DAoM Students, Spring 2016
Creativity and Emotions and... Math?
Our students are surprised that mathematics is a very creative field that can generate strong emotions. In their experiences, creativity and emotion are something that is reserved for writing, art or music, certainly not mathematics. As the following quote indicates, our students now have a different view on the role of creativity and emotion in mathematics.
“I also find it fascinating that he came about his solution through elliptic curves, which has nothing to do with Fermat’s Last Theorem. Had I known that mathematics requires this level of creativity, maybe I would have had more success in my math classes. Unlike Andrew, I let my constant failures in math bring me down. By age sixteen I had people, including teachers, telling me that my talents lay elsewhere; in reading, in writing. People told me I was too creative, so math wasn’t my strong subject. Now that I’ve seen this video and read this article about just one example of how math can be a creative art, I find those comments completely absurd. I was discouraged from trying to succeed in math because I was told I was a creative thinker, not a mathematical thinker.”
“It was intriguing to see math being talked about, for example, with the same kind of fascination as sports are talked about on ESPN.”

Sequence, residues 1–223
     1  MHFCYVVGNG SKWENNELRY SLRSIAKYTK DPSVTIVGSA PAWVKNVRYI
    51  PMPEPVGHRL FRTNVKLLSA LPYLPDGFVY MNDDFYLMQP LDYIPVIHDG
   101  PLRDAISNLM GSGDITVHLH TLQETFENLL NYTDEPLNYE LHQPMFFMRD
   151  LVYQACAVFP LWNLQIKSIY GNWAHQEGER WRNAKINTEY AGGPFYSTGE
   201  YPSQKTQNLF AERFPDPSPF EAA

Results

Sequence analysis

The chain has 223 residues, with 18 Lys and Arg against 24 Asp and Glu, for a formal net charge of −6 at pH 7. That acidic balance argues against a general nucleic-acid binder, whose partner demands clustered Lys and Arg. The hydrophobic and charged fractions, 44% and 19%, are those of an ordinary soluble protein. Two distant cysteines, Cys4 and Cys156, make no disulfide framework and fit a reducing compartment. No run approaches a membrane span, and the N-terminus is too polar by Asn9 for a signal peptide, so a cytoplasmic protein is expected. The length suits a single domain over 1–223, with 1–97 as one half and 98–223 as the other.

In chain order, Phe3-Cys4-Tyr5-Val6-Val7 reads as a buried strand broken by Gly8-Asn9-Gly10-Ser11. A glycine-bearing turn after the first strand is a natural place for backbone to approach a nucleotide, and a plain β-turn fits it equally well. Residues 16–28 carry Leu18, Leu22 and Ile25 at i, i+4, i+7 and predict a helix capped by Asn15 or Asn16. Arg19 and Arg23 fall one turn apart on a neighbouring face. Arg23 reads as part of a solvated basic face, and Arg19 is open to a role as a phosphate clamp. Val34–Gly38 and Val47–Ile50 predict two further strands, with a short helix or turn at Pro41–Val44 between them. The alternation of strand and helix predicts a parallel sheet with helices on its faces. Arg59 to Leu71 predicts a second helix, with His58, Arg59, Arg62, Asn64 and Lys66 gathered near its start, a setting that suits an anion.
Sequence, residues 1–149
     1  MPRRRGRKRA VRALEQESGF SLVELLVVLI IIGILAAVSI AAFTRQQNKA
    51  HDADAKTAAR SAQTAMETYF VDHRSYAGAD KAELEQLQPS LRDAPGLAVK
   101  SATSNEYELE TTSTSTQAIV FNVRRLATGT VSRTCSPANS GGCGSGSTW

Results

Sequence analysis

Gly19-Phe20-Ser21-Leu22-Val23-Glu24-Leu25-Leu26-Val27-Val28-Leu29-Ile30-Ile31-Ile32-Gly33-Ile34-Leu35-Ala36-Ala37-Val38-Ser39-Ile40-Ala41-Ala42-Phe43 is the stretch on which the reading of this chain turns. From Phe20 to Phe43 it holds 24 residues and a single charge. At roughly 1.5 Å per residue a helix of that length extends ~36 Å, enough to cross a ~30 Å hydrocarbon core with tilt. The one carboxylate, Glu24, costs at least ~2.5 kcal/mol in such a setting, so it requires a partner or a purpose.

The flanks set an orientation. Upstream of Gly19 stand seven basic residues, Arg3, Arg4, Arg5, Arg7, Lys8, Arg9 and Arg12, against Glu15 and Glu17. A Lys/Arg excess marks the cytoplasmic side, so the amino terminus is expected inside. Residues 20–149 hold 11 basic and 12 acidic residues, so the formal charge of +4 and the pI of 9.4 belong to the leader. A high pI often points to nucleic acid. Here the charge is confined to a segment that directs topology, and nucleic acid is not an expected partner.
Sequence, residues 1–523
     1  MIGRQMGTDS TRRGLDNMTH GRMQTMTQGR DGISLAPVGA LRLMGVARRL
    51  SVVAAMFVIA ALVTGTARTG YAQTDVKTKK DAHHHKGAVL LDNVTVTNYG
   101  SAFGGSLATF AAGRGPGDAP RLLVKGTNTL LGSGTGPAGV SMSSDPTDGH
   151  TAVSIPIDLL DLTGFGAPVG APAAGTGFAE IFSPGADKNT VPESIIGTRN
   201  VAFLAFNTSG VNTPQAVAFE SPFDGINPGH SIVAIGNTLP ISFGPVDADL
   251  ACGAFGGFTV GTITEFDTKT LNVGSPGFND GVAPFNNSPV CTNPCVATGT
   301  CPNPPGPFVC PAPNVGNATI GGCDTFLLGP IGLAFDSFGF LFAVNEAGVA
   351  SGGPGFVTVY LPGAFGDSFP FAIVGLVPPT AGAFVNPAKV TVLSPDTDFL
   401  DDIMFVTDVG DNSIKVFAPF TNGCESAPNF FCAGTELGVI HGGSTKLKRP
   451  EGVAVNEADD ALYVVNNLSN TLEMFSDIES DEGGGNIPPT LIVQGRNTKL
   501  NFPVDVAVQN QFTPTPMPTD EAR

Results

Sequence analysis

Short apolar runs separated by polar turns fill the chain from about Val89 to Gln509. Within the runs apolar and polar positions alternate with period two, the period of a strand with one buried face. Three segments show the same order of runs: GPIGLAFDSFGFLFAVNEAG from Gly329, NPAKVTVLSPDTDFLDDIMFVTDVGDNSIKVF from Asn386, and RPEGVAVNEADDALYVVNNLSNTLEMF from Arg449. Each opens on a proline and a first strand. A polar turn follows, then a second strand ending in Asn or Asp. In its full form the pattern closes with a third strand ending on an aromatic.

DAoM Students, Spring 2016
Another area that resonated with our students was the role of mistakes. Many of our students have viewed mistakes as something to be avoided rather than something that can help the learning process (see also our blog about making mistakes ). As the quotes below illustrate, our students’ views about mistakes have been influenced by the video.
“I also find it interesting that Andrew gives examples of times in which he was wrong, but his errors actually helped him … I always believed that when you make a mistake in math, you must scrap your work and start all over. This is not true, as I can see from Andrew’s experience with trial and error.
… In my math experience, whenever I did something wrong, my teachers told me to erase it and start over. I was never taught that maybe something I thought of yesterday that at first didn’t lead me to the right answer, could help me find a solution.”